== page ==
For decades, the “three Gs” have been a defining feature of the US political landscape. Guns, God and gays have been reliable hot-button issues constantly used to fire up Republicans and lambaste Democrats.
But there are signs now of a fundamental shift away from the so-called “culture wars” that have raged across American public life since at least the 1970s. In his first two months in office, US President Barack Obama has moved forward on a series of controversial issues and yet his popularity has barely suffered.
The president has taken a stand against anti-abortion rules in clinics and legalized funding for stem cell research. He has praised Islam and Iran on his recent overseas trip and held a Passover ceremony in the White House. Meanwhile, a series of states, including Iowa, deep in the American heartland, have legalized gay marriage and more are expected to follow suit.
Yet, for all the sound and fury this has prompted on the extreme right, Obama remains a popular president. That has led some to wonder if the culture wars are finally losing some of their power.
“People are tired of this. A lot of them are thinking: Let’s move on,” said professor Shaun Bowler, a political scientist at the University of California, Riverside.
Certainly that has been Obama’s strategy. His public stance has been one of reaching out to Republicans on major legislation. Such moves have often been rebuffed, but even so he went as far as keeping former president George W. Bush’s secretary of defense, Robert Gates, in his job at the Pentagon. In one recent poll, Obama — though still unpopular with Republicans — saw his approval rating tick up from 59 percent to 61 percent. Another had his rating attaining a healthy 66 percent.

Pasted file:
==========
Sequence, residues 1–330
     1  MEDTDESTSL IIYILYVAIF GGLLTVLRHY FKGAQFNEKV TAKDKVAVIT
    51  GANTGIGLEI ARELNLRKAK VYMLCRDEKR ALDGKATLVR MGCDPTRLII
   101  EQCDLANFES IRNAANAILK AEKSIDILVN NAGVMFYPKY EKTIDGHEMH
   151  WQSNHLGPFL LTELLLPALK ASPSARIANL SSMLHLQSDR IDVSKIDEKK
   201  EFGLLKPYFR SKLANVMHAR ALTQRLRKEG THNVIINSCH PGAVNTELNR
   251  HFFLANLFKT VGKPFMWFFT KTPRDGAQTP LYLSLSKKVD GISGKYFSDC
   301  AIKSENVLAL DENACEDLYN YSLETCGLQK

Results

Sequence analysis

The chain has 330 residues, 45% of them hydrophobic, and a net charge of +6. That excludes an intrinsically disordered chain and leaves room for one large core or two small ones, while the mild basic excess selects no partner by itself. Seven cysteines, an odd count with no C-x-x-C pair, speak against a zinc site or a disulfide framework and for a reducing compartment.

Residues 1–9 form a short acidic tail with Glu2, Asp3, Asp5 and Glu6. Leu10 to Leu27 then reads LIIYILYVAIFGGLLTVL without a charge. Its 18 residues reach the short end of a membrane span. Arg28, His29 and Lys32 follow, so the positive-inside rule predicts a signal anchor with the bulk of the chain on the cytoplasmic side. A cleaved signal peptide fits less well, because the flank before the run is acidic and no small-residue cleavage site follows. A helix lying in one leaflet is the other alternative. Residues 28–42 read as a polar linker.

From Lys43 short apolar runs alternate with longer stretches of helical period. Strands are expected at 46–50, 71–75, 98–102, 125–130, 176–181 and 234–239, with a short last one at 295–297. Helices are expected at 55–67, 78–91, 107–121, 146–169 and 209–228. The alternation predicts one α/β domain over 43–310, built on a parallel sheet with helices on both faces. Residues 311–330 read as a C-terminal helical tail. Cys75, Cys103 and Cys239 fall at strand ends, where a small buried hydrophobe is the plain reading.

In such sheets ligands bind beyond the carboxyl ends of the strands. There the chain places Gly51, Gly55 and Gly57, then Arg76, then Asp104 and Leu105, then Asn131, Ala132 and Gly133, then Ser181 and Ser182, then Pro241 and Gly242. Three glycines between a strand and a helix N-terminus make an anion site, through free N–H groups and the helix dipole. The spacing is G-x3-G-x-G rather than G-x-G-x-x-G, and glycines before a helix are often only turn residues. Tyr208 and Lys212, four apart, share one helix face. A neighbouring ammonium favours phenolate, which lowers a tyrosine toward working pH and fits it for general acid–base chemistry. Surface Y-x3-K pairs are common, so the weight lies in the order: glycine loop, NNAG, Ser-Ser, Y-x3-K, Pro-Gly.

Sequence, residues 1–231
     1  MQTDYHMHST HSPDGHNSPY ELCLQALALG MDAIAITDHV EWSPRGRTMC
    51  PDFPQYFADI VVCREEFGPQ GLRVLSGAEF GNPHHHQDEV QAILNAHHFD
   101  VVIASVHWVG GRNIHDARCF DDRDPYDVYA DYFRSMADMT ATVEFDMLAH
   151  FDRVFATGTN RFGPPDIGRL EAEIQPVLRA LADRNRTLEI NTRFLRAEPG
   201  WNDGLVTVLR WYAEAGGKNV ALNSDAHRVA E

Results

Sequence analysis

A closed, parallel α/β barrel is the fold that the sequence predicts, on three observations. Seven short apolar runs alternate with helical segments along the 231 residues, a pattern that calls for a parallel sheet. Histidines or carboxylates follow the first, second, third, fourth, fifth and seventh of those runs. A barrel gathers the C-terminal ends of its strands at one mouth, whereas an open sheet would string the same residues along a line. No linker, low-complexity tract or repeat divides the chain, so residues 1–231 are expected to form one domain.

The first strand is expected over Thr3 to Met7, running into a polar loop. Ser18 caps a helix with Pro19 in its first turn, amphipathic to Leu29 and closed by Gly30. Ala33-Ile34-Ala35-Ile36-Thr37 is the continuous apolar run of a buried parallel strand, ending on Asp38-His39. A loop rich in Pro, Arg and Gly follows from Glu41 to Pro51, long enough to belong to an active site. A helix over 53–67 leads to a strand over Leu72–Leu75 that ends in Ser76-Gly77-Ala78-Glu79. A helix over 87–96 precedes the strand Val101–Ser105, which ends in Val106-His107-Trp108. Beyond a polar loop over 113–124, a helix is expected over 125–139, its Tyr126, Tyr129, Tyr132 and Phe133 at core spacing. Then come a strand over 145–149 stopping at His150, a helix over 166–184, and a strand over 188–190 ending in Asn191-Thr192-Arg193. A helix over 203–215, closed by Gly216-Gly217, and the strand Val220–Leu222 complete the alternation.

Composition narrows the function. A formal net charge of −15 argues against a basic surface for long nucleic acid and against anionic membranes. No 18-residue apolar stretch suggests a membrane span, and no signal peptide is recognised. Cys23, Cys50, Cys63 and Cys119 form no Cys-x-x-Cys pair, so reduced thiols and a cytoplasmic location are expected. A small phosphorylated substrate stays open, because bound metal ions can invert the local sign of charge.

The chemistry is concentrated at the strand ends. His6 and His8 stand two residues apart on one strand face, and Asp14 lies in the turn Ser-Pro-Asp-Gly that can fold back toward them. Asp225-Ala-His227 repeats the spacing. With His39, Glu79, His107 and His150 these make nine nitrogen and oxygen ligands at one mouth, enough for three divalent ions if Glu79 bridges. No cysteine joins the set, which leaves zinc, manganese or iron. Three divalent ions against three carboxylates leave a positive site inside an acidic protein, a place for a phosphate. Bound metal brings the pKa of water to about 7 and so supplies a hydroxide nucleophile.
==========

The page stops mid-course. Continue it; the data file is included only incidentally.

Experts believe it is the economic crisis that is largely responsible for the failure of Republicans to make any headway by trying to attack using the “three Gs.” In tough times, fear of losing one’s job and home far outweighs the cultural issues that have previously dominated American politics. Americans are just too afraid of the collapsing economy to pay much attention to things that have no material impact on them.
“When you are losing your home, what do you care if two guys in Iowa can now wear a frock and get married,” Bowler said.
There are other things going on, too, beyond the simple fact of the worst recession since the Great Depression. Many believe there is a generational shift going on in the US, as young voters come of age having grown up more tolerant of issues such as homosexuality and gay marriage. For these voters the culture wars seem a relic of the past. There is also a slight slip in the number of Americans identifying themselves as Christian, down 10 points over the past 20 years.
“There is some generational change, especially in Christian conservative circles. That perhaps is contributing to the diminution [of the culture wars],” said Corwin Smidt, a specialist on religion in politics at Calvin University and author of the book Religion and the Culture Wars.
Even in many religious circles — and these include the powerful evangelical movement — there is a growing engagement with other issues such as the environment, aid in the developing world and combating HIV. Obama has actively cultivated his own religious image and courted powerful evangelical leaders such as Pastor Rick Warren, who spoke at Obama’s inauguration. The decision to court Warren’s approval outraged many gay activists, but Obama’s team ignored their protests in favor of carving out the middle ground.